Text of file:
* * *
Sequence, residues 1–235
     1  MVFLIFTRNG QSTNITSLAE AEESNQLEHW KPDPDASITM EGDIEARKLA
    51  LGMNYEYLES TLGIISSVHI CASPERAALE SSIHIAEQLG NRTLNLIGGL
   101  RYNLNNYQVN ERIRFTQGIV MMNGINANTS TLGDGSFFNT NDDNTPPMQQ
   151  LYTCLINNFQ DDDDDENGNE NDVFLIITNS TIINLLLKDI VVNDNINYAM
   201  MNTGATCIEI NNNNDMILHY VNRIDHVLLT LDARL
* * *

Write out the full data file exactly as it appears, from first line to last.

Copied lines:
Sequence, residues 1–235
     1  MVFLIFTRNG QSTNITSLAE AEESNQLEHW KPDPDASITM EGDIEARKLA
    51  LGMNYEYLES TLGIISSVHI CASPERAALE SSIHIAEQLG NRTLNLIGGL
   101  RYNLNNYQVN ERIRFTQGIV MMNGINANTS TLGDGSFFNT NDDNTPPMQQ
   151  LYTCLINNFQ DDDDDENGNE NDVFLIITNS TIINLLLKDI VVNDNINYAM
   201  MNTGATCIEI NNNNDMILHY VNRIDHVLLT LDARL